Review Summary: Sinister thrash from the 80's
Num Skull is an early thrash band formed in the Midwest in 1985. Their first demo Num's the Word is a very underrated piece of thrash metal history. The bands later releases would show more of a death metal edge than their first recordings but when taking into consideration the time this demo was recorded this demo is like a hammer pounding in the face of the listener. To top it off with a run time of over thirty minutes the demo is long enough to qualify as a full length.
The album holds an abundance of quality riffs that even the most experienced thrashers can find some enjoyment in. The song "Off With Your Head" starts off with a vicious tempo changing riff that aims for the head which later on evens out into an onslaught of low end, bass heavy thrash. While other tracks take a different approach and risk slowing things down in order to create an epic atmosphere, see "Pirate's Night" for an example of this. The song starts out with a galloping bass line and a mezmerizing groove, this groove slowly moves its way into a thrashier territory and reaches an orgasmic climax with a short lived solo that is sure to melt the face of anyone who dares to listen.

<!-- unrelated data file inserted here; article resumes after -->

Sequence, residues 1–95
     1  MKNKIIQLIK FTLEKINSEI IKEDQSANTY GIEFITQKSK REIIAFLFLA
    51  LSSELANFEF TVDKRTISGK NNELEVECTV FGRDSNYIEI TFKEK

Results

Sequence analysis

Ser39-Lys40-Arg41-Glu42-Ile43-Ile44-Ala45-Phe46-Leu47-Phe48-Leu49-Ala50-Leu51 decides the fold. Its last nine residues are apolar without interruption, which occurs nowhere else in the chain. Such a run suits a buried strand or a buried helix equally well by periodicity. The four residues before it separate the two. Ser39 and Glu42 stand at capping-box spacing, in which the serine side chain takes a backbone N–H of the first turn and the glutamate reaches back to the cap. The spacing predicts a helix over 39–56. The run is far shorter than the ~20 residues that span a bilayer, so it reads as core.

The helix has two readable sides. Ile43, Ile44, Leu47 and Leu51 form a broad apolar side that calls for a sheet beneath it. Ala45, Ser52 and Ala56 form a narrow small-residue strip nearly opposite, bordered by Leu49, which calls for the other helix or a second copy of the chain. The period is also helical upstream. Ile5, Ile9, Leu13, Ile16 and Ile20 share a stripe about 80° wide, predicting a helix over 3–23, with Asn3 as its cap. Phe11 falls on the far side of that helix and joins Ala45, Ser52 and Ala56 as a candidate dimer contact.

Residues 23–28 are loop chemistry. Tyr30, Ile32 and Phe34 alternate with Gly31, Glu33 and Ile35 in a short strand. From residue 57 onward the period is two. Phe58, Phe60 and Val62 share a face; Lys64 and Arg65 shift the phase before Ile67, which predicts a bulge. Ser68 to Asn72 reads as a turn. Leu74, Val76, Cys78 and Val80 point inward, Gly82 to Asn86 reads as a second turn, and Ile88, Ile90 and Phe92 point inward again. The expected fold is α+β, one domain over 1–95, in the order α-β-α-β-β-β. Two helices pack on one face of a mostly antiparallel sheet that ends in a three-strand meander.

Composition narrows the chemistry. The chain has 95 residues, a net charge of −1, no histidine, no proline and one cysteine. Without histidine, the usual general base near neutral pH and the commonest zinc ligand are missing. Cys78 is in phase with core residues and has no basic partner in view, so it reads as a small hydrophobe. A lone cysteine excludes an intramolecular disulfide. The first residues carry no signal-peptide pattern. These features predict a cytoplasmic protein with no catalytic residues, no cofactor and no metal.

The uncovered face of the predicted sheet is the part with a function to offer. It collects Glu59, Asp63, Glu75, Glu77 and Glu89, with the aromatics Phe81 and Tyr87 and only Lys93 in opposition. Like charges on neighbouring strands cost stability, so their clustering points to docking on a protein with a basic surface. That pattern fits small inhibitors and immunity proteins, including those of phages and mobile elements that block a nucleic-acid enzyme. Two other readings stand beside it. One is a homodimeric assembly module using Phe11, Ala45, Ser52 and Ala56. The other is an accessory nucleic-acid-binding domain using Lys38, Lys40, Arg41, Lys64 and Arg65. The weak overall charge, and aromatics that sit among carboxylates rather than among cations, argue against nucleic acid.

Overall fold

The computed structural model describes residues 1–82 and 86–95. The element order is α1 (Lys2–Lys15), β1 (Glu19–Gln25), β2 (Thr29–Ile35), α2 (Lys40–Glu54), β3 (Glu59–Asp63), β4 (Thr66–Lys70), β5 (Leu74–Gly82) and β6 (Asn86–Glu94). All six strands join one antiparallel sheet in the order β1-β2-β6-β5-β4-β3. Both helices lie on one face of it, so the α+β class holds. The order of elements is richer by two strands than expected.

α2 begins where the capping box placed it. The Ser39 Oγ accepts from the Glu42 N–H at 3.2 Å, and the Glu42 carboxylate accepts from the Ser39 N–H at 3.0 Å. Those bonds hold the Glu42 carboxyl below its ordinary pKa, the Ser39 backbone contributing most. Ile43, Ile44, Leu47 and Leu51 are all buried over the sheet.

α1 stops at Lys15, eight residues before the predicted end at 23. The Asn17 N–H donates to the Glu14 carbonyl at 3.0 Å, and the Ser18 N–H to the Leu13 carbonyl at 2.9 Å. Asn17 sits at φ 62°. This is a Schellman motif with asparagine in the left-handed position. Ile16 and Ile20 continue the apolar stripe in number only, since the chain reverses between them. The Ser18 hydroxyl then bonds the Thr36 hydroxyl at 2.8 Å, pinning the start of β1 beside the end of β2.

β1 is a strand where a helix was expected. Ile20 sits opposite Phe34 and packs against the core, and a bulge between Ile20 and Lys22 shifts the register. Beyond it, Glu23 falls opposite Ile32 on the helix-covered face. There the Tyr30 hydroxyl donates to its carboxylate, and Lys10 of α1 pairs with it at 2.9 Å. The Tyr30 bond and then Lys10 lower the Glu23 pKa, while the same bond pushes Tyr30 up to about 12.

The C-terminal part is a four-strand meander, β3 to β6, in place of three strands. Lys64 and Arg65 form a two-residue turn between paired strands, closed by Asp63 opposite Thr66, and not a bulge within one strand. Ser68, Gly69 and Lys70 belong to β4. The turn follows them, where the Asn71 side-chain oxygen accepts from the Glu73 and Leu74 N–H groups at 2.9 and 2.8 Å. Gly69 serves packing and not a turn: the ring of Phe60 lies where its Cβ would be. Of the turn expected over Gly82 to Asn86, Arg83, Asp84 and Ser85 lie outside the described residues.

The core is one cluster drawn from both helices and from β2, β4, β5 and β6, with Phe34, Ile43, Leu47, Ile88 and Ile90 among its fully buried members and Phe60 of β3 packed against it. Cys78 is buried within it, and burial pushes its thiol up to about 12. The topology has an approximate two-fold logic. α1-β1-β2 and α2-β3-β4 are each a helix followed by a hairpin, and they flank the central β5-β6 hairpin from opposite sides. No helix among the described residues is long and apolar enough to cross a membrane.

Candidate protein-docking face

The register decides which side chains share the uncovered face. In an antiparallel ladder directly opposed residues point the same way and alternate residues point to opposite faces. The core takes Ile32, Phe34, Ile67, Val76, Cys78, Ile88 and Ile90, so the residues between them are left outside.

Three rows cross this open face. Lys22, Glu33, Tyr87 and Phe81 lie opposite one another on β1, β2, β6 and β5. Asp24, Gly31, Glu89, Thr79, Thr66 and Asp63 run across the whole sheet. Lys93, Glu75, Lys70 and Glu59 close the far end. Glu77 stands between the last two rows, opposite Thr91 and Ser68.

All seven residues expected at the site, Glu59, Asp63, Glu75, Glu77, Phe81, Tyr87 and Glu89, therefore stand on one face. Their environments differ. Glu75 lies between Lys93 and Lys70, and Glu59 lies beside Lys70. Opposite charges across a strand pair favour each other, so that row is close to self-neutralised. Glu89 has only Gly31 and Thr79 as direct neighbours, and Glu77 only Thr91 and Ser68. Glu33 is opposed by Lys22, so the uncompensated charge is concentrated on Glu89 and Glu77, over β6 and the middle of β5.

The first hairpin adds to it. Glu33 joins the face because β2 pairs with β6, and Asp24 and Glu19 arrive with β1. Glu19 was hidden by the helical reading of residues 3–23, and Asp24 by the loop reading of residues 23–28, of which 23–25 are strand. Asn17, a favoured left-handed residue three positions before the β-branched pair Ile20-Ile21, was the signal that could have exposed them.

The vocal work is fairly dynamic. The range jumps from full fledged singing to a high pitched shriek in a matter of moments. The high end vocal style that is used contrast the deep end sound of the instrumentals that overall gives the demo a certain charm that not many others have. While some may consider the vocals to be raw and grating the power of the music outweighs any problem someone may have with the vocalist.
The bass, as mentioned before is much higher in the mix than your average metal band tends to place it. This gives the album a heavy deep end that somehow adds to the chaotic sound Num Skull puts out. A lot of the time the bassist is just following the guitarist lead but that isn't always the case. At times he will go into his own zone and take the spotlight. Eisenhauers bass playing is a perfect example of why certain bands should crank the knobs on the bass amp just as hard as the guitarist does. His playing truly adds to the album and the music most definitely wouldn't have the same effect if he wasn't present in the sound.
The riffs are simple for the most part but catchy and heavy enough to tide the average metalhead over for the duration of the demo. If you keep in mind that Num's the Word isn't as death metal influenced as the band would later become than you should have a good time listening to it. For a demo from the mid-80's the production is nice and full and everything can be made out very clearly. Overall this demo gets a solid four out of five. Num Skull is one of the 80's thrash gods that have been pushed to the side like hundreds of others.